Even after McCoy tries to talk Fred out of it at Archie and Josie’s behest, citing the low pay and the many potholes to be thanklessly filled (if not the widespread corruption), he decides to run for mayor. And Archie’s leaked intel doesn’t pan out, in more ways than one. While Pop does confirm to Jughead he sold the diner, he asks him to keep this information a secret, because it would kill his mother to know the business was out of the family. But soon enough, Jughead gets a mysterious call from a man asking him to meet at Riverdale Bus Terminal — which, with its coffee and cigarette machines, has apparently been preserved in amber for the better part of a century — for information about Hiram Lodge. Who should be awaiting him but the family’s loyal (to Veronica, anyway) ex-butler Smithers, now a bus driver? His tip: Lodge paid mysterious visits to Shankshaw Prison, which is not where he was jailed, and received mail from its warden.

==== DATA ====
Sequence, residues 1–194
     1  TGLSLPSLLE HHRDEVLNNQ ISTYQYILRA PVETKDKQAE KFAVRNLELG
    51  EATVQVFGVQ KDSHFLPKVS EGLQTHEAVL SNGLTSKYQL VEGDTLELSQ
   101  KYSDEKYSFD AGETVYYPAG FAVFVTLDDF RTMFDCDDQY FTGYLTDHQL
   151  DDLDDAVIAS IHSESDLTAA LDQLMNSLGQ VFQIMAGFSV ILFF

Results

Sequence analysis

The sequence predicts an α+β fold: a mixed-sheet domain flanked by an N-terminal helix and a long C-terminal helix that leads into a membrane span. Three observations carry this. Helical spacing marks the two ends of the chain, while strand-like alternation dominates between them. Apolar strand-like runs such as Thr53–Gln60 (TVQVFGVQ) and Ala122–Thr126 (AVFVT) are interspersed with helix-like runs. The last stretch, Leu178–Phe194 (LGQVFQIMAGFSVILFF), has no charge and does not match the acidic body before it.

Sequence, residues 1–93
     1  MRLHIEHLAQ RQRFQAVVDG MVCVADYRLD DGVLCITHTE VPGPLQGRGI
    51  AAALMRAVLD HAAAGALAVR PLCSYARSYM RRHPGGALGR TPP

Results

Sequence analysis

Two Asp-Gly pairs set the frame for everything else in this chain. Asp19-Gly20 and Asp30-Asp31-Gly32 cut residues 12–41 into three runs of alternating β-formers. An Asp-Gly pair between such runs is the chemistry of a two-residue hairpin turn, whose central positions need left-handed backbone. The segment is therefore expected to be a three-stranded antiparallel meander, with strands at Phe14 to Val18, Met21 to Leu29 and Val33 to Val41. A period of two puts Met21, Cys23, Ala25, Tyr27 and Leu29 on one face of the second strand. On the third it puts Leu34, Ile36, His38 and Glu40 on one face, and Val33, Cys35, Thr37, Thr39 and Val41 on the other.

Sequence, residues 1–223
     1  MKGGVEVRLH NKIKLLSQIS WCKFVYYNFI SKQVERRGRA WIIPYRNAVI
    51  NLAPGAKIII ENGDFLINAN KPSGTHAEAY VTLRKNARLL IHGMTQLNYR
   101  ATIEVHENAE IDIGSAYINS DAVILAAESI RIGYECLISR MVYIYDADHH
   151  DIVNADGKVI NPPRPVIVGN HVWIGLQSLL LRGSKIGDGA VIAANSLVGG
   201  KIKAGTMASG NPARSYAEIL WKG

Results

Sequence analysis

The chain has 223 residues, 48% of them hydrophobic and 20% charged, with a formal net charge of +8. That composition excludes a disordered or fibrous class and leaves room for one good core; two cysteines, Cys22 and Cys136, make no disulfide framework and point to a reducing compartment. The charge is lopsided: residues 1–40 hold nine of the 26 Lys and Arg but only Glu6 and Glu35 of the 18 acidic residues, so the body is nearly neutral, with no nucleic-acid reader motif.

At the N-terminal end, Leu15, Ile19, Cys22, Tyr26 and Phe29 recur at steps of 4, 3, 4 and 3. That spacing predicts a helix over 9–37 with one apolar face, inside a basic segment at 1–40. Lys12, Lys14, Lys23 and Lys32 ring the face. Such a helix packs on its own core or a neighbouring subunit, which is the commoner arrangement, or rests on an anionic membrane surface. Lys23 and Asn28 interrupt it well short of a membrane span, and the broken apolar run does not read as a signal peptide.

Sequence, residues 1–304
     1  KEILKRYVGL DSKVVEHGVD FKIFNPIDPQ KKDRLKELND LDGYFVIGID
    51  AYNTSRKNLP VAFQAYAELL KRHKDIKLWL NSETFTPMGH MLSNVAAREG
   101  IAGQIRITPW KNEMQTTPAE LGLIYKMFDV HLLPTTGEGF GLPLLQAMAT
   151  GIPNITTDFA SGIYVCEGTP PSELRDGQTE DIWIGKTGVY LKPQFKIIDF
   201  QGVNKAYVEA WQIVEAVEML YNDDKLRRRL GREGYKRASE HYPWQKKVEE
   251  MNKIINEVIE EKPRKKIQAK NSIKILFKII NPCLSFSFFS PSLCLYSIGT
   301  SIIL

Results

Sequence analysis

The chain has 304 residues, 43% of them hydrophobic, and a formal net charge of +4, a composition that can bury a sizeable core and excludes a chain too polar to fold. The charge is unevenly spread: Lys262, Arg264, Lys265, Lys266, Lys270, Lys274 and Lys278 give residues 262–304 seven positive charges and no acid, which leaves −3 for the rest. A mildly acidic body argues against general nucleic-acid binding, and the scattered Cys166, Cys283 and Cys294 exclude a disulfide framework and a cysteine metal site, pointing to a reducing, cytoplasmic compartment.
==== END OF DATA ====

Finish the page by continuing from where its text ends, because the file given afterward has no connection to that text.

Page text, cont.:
Hiram has heard from Pop about Jughead’s line of questioning, which makes him awfully suspicious: Only the three Lodges and Archie know about the diner’s change of ownership, so who spilled? To protect Archie, Veronica falsely owns up to telling Jughead, to get him off the track of worse scents. Everyone on this show is a quadruple agent, minimum. This leads to what feels like the tenth time we’ve watched Veronica and Archie fight about her involvement in the family business, and why he’s so intent on preventing his dad from associating with Hiram and Hermione. (In Archie’s defense, though, the Lodge family business is big, scary crimes.)